Charlap and the Washingtons will be in residence this Friday and Saturday night (1/29-30) at The Side Door Jazz Club in Old Lyme, CT. They'll play several sets of music, new and old, and they;ll do so melodically yet with a rhythmic fire. Would not be surprised if the shows are sold out so call 860-434-0886 or go to thesidedoorjazz.com to get your name on the list.
The following Friday (Feb. 5), guitarist Lionel Loueke brings his Trio to Old Lyme and you won't ant to miss that show!
|photo by Krysta Brayer|
All of the 8 tracks (all Hoefner originals) clock in over 5 minutes; still, the composer and the band do not just play the theme and rush into long solos. Listen for the interplay, as this is a band that has logged serious "stage time", and you can hear how supportive they are. Sure they can "blow" - all 4 have a great time on "The Bottom Line" - but everything is played with a purpose with the sense of a group sound.
"Luminosity" will hold your interest with its expansive melodies, its fine rhythm section, and intelligent solos. The Florian Hoefner Group is a "working band" and it shows in the care they and creativity they give to this music. For more information, go to www.florian-hoefner.com.
Give a listen to the title track:
For his new album, "Hidden Voices" (Intakt Records), he joins forces with bassist Eric Revis (Branford Marsalis Quartet, Tarbaby) and drummer Gerald Cleaver (Craig Taborn, Joe Morris, Roscoe Mitchell) to fashion a most fascinating sound. The 10-song program includes 6 originals, one collective improvisation, a medley 2 Ornette Coleman works ("Open & Close/The Sphinx"), "Skippy" by Thelonious Monk and a Cuban standard "Uno, Dos, y Tres, Que Paso Más Chévere" done as a piano solo. That final song (also the last track on the disk, composed by Rafael Ortiz (no relation), is described by leader as a tune “everybody in Cuba knows from festivities and carnivals." The younger Ortiz gives the song an abstract feel, hinting at the rhythm and the pianist caressing the melody.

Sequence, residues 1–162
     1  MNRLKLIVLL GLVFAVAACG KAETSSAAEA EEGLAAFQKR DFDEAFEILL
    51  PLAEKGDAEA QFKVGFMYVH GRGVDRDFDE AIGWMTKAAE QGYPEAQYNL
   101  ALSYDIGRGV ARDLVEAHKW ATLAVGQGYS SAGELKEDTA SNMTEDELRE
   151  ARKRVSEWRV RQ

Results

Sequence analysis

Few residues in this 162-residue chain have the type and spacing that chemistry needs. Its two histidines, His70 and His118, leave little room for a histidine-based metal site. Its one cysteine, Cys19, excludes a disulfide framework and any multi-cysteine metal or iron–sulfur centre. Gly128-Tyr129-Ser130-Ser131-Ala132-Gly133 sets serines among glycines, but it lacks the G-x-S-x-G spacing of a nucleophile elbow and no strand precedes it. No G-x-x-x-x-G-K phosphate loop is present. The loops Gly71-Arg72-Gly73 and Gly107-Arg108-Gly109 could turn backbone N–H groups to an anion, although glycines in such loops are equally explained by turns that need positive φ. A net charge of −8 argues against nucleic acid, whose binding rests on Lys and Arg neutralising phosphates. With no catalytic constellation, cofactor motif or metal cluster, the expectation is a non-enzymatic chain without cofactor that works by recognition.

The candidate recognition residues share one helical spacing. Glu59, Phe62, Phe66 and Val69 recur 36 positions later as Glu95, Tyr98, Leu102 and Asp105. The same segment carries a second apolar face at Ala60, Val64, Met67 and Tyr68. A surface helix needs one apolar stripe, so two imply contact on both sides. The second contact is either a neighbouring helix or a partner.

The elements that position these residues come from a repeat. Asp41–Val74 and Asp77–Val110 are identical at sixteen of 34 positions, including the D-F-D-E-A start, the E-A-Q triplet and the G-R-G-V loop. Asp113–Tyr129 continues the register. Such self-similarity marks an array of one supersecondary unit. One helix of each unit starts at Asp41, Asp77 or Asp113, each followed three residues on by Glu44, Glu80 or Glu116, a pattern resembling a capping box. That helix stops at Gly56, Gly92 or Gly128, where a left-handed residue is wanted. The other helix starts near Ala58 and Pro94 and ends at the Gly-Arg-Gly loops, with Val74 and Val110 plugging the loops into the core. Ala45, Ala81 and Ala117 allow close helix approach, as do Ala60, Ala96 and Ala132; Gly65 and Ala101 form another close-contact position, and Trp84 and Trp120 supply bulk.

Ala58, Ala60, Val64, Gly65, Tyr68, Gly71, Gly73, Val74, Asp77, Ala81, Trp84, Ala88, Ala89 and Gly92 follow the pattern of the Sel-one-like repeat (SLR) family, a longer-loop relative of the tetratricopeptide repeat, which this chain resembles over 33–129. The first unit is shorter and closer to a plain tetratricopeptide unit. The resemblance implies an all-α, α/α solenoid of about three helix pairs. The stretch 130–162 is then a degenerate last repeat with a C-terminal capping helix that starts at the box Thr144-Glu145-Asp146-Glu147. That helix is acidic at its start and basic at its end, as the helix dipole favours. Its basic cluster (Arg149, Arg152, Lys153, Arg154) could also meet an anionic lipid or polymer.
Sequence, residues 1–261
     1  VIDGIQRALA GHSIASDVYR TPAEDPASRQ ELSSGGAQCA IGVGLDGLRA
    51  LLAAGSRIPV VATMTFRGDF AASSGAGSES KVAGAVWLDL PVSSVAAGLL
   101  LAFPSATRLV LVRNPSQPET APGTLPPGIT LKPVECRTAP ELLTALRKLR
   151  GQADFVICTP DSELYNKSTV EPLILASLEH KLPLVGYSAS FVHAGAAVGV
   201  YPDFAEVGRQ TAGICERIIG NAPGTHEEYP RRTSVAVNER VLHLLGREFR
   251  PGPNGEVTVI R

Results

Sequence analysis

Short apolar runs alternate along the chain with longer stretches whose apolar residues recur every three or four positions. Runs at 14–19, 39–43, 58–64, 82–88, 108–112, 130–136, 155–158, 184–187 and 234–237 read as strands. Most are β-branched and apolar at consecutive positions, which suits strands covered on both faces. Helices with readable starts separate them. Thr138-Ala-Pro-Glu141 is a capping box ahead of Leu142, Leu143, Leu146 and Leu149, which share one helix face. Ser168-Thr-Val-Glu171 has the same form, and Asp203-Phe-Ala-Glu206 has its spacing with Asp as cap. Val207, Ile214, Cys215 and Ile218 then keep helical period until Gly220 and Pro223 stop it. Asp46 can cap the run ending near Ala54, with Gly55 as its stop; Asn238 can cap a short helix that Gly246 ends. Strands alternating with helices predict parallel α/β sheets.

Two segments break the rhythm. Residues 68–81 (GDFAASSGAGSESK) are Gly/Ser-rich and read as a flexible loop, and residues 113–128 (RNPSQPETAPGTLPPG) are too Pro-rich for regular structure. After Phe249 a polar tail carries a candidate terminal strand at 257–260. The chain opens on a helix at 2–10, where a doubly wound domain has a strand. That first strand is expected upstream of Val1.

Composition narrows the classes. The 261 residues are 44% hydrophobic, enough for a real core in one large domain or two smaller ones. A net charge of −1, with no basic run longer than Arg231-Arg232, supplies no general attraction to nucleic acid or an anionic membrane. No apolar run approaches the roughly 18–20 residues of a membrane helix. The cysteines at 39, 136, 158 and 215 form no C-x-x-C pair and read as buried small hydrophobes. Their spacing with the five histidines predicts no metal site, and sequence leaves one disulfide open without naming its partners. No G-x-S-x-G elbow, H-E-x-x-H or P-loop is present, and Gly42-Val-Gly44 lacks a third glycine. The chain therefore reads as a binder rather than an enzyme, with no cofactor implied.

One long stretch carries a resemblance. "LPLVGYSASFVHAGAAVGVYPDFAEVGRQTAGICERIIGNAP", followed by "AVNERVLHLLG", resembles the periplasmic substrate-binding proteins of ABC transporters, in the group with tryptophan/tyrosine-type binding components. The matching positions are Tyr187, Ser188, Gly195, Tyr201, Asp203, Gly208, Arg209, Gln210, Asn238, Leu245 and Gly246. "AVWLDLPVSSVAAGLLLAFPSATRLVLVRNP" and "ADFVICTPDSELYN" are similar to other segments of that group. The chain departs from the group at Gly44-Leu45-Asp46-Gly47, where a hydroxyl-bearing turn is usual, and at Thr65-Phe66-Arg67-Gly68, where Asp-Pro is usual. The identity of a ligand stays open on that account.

|Photo by Michael Weintrob|
Elsewhere. Ortiz and company create an open-ended program, from the disjointed yet funky opener "Fractal Sketches" to the inventive re-imagining of "Skippy." On the latter track, Revis propels the music from the bottom while Cleaver and Ortiz spin fascinating webs from the spiky melody. The pianist pushes the melody up and down (at times, sounding somewhat like Matthew Shipp) while the piece rumbles forward. "Caribbean Vortex/Hidden Voices" features the insistent claves of Arturo Stable and Enildo Rasúa, the rhythms supporting the rapid-fire snare work of Cleaver and clanging left hand of the pianist. As the piece moves forward, the piano solo grows in intensity but the rhythms stay steady and solid. The hypnotic single-note piano leads one into "Analytical Symmetry", a piece that opens slowly like a flower then explodes for just a moment before moving inward for a bass - piano dialogue. The 2-part "Arabesques of a Geometrical Rose" opens with a piano solo. Subtitled "Spring", the melody, in places, reminds this writer of Monk in its uncommon beauty. Part 2, "Summer", brings back the rhythm section for a blues-drenched reinterpretation of the initial melody. Revis's thick bass tones and Cleaver's active drumming propel the pianist into a series of short single-note runs interspersed with "dark" chords.
Repetition is important to many of these pieces - the piano lines often dictate the rhythms that Gerald Cleaver expands upon while the often-furious bass lines of Eric Revis work in counterpoint to active hands of Aruán Ortiz. "Hidden Voices" may refer to the Cuban artists, poets, playwrights, and musicians who have had to maintain personal and artistic silence for most of the Castro dictatorship. This powerful music now belongs to the world. For more information, go to www.aruan-ortiz.com.
Here's the Trio in concert 6 months before the recording date: